And I smiled again. “Bella,” I whispered again, “it’s okay. Mommy’s going to be all right. But thank you for taking such good care of me.”

In the difficult days and nights that followed—making arrangements for my father’s funeral; going to his assisted living facility to pack and remove his things; and lying, wakeful, night after night, I wondered if my best beloved, lost little cat would come to me again. But she, having done her job and done it well, did not return, instead going on to whatever busied her there in Bubastis, the great citadel of the cats in the Egyptian afterlife of Amenti, where she was worshipped and adored.

As I say, for anyone who does not believe, this epistle will be something to mock; to laugh at long and scornfully. But for me, just as on the night my grandmother died and came, impossibly, to surround me with love in a space and at a time when no one could have been there—to me, it was just one more brick on the wall of proof that we do, indeed, go on; that we continue; and that love will not, does not, could not ever die.

The title of this essay is drawn from an earlier post, the poem “Ghost Kitty Walks”, October 30, 2017, about the little ghost cat who has always lived in my home, and with whom all my other cats play. You can find that post in the archives.

Seasons of Light, Seasons of Darkness

§  Parties. Death.  The two will forever be inextricably intertwined when I remember the year 2019. §

As I pointed out in a 2019 essay (The Name of My Year, January 30, 2019), most of us find that the years slip by in our memories not by a numerical designation but with a verbal title recalling events pertinent to us: The Year Mom Died. The Year Amanda Was Born. The Year of the Flood, the Tornado, the Hurricane. The Year I Bought the Condo. The Year of My Divorce. The Year of Job Hell. These titles lend a richness and flavor to our memories as no numerical equivalent could possibly ever do.

It’s especially true that the years since my retirement have become a series of chapter titles in the book of my life. Beneath each follow subtitles and paragraphs of meaning and explanation, tracing details and events quite unrelated, one would think, to that chapter title. I tick them off across my fingers as The Year I Retired, followed by The Year of the Cookbooks. Hard on their heels follows The Year of the Wedding, and then My Dickens Year (which is subtitled The Year of Cancer and of Morrigan’s Birth: Season of Light; Season of Darkness.)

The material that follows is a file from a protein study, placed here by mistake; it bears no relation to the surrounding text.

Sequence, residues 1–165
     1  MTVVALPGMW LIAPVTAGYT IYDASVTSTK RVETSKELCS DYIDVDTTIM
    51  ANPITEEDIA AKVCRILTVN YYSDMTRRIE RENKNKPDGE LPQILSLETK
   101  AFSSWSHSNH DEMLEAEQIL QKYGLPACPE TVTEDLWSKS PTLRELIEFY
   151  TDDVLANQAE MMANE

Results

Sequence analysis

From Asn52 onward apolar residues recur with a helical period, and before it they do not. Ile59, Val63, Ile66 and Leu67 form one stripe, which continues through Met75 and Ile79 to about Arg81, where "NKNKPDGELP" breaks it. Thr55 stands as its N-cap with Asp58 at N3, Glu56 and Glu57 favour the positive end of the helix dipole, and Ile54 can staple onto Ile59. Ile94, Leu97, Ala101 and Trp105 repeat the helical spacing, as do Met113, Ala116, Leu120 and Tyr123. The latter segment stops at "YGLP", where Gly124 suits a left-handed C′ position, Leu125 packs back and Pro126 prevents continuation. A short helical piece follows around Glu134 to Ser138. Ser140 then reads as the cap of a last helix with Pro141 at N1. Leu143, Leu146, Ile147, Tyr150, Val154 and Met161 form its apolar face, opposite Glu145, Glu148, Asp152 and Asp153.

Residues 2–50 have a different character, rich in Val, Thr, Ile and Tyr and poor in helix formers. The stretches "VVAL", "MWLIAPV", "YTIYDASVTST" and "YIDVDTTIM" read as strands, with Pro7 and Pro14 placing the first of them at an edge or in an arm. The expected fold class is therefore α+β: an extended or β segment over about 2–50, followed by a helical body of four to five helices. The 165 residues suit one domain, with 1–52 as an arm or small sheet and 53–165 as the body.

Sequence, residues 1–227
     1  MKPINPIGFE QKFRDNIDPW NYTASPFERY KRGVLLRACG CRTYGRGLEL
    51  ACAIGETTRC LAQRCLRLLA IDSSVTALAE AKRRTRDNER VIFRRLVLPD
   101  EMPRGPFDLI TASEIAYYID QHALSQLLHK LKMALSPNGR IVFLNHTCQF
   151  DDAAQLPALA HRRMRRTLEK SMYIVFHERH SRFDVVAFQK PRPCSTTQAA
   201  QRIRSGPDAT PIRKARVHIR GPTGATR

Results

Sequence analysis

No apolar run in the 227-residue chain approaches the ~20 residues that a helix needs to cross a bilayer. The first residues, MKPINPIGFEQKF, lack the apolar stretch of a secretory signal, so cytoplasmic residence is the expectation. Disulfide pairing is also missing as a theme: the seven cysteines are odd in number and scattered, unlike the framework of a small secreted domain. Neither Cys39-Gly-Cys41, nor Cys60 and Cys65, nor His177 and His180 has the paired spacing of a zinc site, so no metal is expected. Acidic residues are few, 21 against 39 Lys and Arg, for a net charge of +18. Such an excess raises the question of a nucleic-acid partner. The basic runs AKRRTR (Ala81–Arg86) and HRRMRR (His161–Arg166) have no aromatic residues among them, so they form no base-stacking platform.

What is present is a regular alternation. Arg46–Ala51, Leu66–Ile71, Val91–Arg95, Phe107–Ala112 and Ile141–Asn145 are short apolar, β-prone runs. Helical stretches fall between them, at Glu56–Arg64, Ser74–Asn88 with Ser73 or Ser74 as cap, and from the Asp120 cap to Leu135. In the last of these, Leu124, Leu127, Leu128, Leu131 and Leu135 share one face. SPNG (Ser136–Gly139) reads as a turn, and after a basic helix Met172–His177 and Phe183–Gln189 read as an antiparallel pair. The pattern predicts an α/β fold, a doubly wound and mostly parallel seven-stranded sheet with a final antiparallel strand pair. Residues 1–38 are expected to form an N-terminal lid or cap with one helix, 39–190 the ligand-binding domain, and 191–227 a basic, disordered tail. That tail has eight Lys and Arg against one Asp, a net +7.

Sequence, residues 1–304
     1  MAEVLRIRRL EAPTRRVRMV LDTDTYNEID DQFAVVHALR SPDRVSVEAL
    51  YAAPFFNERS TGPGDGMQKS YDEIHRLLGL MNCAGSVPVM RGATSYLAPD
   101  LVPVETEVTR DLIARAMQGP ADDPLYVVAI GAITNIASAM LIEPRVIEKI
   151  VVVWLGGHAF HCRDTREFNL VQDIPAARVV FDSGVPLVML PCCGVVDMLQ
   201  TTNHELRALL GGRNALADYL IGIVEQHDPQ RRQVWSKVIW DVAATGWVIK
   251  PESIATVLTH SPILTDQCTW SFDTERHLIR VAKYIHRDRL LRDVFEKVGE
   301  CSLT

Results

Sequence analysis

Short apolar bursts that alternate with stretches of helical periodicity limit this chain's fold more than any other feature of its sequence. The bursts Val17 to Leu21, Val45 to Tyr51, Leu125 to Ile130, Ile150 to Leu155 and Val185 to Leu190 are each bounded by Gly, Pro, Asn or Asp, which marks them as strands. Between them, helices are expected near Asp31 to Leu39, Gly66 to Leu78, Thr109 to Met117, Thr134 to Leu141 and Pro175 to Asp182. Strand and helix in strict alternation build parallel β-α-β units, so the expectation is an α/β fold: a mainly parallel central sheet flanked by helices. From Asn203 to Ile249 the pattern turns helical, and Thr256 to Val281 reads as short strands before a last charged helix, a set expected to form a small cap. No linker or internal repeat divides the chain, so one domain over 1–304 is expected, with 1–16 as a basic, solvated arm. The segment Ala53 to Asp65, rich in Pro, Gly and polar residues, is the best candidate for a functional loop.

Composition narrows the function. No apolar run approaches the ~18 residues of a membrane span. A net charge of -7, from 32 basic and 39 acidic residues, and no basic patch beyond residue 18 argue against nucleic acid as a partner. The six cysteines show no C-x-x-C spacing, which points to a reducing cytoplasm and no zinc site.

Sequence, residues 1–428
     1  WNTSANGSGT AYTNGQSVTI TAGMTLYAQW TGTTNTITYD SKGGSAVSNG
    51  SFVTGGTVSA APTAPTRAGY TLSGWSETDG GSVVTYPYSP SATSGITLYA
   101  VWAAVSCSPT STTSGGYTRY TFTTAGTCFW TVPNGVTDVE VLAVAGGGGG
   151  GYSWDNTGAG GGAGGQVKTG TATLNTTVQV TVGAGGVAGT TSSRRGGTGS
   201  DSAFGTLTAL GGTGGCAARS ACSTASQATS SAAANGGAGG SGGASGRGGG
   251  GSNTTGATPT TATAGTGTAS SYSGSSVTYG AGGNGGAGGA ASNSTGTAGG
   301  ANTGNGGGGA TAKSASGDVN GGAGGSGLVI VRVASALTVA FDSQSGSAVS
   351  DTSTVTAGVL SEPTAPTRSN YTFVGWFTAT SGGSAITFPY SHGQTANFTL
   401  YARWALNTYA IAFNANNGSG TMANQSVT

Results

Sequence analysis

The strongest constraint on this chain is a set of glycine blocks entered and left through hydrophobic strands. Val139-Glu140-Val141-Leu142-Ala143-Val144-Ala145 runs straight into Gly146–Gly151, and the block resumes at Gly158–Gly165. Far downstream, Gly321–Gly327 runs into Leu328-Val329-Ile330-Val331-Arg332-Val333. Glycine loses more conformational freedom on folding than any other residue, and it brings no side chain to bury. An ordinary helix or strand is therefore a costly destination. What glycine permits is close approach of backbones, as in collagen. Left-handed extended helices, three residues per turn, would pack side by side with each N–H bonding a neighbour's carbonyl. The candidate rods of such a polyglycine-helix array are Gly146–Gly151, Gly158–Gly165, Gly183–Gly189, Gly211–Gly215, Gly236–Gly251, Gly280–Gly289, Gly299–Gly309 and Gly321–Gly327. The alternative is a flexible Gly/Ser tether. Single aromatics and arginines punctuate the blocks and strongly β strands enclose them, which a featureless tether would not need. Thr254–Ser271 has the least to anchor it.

And so now, looking back, I realize I have invested 2019 with a macabre little title by which I will forevermore recall it: A Year of Parties and Death.

Parties… Twice now, I’ve thrown myself my own birthday party, once for my 60th and then for my 65th birthdays. Milestones, these, that I felt should be marked, so, following the lead of an elderly relative who’d done so for her own 80th birthday, I didn’t wait for someone else to do it; I threw myself a party. For my 60th birthday, I decked myself out in a red hat and purple shirt and called all my women friends to come celebrate with me at my home with food and cake and friendship and gossip and laughter. Placing candles on my cake that bore wild animal markings—tigers and leopards and cheetahs—to represent the courage and strength with which I hoped to begin the final decades of my life, I blew them out with gusto.

IMG_20190228_072333378_HDR (2)But in 2019, my 65th birthday was different. As I recounted in My Totally Un-Grownup Coloring and Tea Party, having survived uterine cancer the year before, I wanted something simply fun. Thus, gathering family and friends together again, I invited them to dive into the childhood pleasures of coloring books and tea parties. Blessed with fine weather and great food, the party was simply wonderful.

Six months later found another major party in my sights: my first grandchild’s first birthday party. My daughter chose a luau theme, so I shopped for every coconut cup, grass skirt, and flamingo-decorated plate that was to be found in the mile square.IMG_1162 We invited everyone, simply everyone, renting a shelter house at a local park for the event. Again, we were blessed with wonderful weather and food and fun. It was a magnificent day.